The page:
Kisqali® Improves Outcomes for Premenopausal Women with HR+/HER2- Advanced Breast Cancer

Premenopausal breast cancer is a biologically distinct and more aggressive disease than postmenopausal breast cancer and is the leading cause of cancer death in women 20-59 years old.1,2 ,3 Historically there younger women were treated the same as their older counterparts, researchers however have more recently begun to focus on improving the treatment outcomes for these women.

About Kisqali (ribociclib) is a precision cancer medicine selective for a cyclin-dependent kinase. This class of drugs helps slow the progression of cancer by inhibiting two proteins called cyclin-dependent kinase 4 and 6 (CDK4/6). These proteins, when over-activated, can enable cancer cells to grow and divide too quickly. Targeting CDK4/6 with enhanced precision may play a role in ensuring that cancer cells do not continue to replicate uncontrollably.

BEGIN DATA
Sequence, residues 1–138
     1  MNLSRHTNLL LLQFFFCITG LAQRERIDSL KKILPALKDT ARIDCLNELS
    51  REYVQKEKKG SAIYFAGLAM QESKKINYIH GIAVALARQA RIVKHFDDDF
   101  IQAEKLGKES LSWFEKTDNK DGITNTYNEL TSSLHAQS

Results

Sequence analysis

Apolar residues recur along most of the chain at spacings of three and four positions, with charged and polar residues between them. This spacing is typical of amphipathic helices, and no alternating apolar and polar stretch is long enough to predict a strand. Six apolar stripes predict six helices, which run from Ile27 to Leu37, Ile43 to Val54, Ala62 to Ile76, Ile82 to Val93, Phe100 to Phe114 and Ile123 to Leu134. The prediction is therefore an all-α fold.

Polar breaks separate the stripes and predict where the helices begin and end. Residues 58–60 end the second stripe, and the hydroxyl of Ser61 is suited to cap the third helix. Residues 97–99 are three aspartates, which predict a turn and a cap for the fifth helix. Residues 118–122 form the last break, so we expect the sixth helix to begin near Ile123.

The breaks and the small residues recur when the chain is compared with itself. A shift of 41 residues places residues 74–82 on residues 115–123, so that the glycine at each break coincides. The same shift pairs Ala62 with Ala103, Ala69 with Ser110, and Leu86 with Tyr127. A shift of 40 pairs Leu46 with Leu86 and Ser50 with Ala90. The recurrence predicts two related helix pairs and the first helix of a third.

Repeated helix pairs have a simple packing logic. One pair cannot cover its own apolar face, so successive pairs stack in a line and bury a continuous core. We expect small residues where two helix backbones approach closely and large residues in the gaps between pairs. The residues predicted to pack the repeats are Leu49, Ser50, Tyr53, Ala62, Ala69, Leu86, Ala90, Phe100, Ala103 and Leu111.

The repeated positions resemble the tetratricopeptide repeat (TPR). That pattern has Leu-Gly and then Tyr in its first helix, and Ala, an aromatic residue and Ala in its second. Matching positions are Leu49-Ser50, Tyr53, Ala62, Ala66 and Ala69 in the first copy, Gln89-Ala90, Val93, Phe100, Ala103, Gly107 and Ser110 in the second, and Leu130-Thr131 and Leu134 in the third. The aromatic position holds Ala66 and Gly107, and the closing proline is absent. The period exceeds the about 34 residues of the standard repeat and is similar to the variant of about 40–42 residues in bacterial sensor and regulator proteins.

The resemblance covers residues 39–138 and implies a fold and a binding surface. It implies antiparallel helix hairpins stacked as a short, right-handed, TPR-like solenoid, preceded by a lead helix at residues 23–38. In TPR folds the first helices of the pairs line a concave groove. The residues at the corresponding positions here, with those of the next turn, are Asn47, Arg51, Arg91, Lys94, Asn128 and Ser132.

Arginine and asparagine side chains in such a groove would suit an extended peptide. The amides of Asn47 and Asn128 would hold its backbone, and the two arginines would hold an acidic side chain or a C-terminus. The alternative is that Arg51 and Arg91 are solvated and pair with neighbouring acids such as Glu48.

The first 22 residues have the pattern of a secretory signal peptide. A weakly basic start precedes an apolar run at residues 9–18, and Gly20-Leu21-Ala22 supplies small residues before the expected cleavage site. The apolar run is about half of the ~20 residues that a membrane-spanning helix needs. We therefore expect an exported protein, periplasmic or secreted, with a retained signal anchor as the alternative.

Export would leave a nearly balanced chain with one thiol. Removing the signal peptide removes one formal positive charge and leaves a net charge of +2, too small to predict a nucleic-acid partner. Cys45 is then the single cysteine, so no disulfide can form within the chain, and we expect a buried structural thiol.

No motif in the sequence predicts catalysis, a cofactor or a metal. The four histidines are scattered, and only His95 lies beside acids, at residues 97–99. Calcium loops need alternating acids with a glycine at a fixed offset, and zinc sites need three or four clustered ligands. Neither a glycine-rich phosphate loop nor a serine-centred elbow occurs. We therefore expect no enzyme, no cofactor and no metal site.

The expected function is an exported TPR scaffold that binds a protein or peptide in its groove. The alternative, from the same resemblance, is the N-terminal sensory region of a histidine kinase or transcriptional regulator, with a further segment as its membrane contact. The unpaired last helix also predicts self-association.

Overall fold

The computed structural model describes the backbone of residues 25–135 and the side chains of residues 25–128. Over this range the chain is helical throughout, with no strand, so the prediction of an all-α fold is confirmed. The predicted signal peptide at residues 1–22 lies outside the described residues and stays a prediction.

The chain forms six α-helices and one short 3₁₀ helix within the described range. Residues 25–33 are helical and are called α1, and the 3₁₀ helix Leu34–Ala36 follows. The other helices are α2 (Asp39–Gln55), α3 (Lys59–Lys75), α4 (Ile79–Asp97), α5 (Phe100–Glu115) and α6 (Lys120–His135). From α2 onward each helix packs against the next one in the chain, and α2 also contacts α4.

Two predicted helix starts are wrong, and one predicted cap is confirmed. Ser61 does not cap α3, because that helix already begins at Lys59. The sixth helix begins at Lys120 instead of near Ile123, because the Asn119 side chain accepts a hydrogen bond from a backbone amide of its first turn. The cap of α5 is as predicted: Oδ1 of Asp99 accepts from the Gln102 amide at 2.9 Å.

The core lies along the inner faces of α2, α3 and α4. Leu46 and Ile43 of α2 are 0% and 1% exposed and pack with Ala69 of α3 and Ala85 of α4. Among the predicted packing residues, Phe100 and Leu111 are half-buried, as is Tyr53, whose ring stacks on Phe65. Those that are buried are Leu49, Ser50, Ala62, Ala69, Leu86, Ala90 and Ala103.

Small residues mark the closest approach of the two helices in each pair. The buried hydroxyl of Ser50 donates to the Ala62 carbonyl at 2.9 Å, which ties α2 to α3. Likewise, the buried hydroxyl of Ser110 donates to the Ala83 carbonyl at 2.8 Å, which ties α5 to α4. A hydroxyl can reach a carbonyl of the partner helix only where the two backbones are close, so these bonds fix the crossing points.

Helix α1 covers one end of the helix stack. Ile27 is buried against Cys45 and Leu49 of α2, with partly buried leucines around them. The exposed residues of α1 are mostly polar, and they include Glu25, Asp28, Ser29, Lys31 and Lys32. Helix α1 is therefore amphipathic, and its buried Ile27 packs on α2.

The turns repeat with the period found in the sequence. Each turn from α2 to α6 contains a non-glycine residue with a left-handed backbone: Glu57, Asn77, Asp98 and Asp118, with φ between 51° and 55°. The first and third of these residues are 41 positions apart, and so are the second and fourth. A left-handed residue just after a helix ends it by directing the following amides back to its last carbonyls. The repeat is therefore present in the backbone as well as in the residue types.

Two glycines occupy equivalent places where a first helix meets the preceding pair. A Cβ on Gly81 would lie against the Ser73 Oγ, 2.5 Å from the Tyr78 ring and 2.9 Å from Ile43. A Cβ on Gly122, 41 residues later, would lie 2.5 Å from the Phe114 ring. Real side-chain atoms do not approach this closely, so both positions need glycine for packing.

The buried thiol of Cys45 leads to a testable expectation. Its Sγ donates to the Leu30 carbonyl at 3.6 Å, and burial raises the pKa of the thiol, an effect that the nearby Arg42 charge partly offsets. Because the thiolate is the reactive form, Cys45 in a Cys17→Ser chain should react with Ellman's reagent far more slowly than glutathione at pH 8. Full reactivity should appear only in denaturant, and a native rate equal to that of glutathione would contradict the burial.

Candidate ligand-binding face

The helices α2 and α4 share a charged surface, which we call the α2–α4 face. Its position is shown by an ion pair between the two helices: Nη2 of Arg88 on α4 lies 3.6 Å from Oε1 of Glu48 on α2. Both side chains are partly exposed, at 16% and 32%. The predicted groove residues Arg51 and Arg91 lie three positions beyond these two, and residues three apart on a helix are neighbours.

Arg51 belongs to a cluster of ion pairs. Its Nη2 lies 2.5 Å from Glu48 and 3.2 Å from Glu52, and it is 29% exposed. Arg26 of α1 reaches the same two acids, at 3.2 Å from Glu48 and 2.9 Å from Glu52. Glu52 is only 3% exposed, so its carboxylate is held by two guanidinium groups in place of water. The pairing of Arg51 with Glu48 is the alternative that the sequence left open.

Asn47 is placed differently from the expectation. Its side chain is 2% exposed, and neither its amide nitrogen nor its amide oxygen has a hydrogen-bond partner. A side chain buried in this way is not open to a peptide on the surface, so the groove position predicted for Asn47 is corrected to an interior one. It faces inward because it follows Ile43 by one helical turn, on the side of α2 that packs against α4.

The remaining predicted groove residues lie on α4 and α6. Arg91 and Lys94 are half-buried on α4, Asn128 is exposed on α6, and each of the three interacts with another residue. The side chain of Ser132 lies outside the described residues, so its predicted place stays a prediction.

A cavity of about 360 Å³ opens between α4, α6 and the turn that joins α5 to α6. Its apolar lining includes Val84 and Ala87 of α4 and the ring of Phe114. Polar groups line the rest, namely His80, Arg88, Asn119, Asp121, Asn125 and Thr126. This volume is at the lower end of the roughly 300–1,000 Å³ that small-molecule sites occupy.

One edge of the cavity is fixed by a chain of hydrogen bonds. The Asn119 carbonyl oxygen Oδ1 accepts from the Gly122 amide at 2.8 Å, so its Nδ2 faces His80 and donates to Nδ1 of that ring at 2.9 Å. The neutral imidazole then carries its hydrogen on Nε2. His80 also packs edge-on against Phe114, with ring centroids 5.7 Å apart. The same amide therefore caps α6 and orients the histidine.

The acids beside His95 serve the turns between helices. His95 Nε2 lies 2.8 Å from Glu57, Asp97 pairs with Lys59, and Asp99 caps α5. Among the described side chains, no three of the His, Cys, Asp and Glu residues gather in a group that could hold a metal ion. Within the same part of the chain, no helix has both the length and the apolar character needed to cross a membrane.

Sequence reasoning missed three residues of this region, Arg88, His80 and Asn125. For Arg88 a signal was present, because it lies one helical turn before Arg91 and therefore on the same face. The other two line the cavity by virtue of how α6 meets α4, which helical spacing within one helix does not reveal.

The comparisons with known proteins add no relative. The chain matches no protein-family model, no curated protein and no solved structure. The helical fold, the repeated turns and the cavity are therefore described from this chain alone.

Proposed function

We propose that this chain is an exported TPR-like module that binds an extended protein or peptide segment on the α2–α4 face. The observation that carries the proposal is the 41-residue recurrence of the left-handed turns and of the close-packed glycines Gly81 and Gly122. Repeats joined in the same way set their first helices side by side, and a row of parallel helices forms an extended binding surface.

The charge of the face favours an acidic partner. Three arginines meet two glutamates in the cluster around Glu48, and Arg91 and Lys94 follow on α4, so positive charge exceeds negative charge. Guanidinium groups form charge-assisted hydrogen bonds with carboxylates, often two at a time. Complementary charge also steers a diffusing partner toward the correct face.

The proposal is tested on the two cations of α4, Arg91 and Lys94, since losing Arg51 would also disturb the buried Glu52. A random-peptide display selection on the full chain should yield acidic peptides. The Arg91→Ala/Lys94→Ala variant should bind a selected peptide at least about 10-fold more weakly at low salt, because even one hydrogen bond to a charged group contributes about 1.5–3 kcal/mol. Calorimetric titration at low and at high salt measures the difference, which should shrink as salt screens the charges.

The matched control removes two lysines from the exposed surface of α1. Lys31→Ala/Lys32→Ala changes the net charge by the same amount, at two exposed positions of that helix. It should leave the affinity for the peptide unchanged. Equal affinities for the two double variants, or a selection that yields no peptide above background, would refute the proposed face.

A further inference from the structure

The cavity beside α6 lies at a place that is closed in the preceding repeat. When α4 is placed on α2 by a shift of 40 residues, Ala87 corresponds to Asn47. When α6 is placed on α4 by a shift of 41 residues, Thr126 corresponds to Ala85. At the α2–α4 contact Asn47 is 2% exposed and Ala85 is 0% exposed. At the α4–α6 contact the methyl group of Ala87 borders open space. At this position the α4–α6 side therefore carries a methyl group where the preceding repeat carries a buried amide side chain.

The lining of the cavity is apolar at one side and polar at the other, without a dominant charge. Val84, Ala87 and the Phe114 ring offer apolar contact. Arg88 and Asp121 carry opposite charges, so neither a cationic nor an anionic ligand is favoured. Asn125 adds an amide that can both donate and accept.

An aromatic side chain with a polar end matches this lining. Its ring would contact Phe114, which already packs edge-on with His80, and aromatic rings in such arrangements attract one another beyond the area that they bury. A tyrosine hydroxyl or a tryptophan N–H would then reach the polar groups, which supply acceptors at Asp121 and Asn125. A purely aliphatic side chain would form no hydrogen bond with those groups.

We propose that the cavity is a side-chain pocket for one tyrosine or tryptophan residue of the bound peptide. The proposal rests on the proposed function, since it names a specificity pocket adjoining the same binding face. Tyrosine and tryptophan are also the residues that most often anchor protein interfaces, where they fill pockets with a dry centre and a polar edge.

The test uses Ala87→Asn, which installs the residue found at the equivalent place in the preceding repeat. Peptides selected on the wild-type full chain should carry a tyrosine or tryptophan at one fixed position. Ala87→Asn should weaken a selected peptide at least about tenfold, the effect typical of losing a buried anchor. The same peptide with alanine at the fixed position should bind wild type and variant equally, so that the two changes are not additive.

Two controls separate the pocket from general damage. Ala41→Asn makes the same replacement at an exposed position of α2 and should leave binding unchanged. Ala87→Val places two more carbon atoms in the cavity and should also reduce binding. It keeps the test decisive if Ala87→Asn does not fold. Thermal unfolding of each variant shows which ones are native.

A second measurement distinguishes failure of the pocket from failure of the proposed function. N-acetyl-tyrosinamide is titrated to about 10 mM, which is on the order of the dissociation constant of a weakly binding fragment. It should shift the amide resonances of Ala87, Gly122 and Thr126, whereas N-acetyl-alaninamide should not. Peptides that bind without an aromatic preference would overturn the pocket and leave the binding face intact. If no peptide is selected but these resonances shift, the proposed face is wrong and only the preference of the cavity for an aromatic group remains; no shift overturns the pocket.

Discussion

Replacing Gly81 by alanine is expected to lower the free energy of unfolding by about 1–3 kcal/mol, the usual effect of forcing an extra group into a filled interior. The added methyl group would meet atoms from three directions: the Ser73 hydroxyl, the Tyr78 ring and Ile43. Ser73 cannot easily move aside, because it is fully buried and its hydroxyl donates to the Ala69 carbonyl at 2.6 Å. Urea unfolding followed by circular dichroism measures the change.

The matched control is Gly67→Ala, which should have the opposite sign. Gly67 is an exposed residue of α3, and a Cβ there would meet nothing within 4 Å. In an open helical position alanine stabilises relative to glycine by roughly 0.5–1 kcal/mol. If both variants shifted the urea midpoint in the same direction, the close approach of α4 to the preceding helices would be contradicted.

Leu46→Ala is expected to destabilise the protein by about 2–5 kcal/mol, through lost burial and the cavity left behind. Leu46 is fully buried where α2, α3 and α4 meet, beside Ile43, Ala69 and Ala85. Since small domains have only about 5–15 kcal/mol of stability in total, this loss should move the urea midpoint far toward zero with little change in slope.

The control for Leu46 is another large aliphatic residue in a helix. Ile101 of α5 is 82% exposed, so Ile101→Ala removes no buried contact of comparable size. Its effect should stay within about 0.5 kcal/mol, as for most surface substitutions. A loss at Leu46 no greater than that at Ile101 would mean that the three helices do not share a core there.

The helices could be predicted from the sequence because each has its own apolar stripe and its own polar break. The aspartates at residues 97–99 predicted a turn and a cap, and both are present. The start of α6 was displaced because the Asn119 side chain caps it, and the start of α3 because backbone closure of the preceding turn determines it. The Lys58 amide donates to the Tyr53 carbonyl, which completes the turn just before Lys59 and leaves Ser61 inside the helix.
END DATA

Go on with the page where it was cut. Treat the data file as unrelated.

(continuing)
MONALEESA-7 is a Phase III clinical trial evaluating the effectiveness of Kisqali by directly comparing Kisqali in combination with oral hormonal therapies and goserelin to endocrine treatment alone in premenopausal or perimenopausal women with HR+/HER2- advanced breast cancer who had not previously received endocrine therapy for advanced disease.

More than 670 women ranging from 25-58 years in age were treated in the MONALEESA-7 trial comparing Kisqali with or without endocrine therapy. The study met its primary endpoint of progression-free survival, demonstrating that the Kisqali combination therapy was superior treatment to endocrine treatment alone in first-line treatment of premenopausal women with HR+/HER2- advanced breast cancer.

Kisqali is the first CDK4/6 inhibitor to be studied in a Phase III global trial exclusively focusing on premenopausal women with HR+/HER2- advanced breast cancer and more extensive outcome data will be presented at the forthcoming San Antonio Breast Cancer symposia in December.

References
1.  http://www.nasdaq.com/article/novartis-monaleesa7-trial-meets-primary-endpoint-of-progressionfree-survival-20171108-00059
2.  Benz CC. Impact of aging on the biology of breast cancer. Crit Rev Oncol Hematol. 2008;66:65-74
3.  World Health Organization. Women’s health fact sheet. September 2013. Available at http://www.who.int/mediacentre/factsheets/fs334/en/(link is external). Accessed October 2017.

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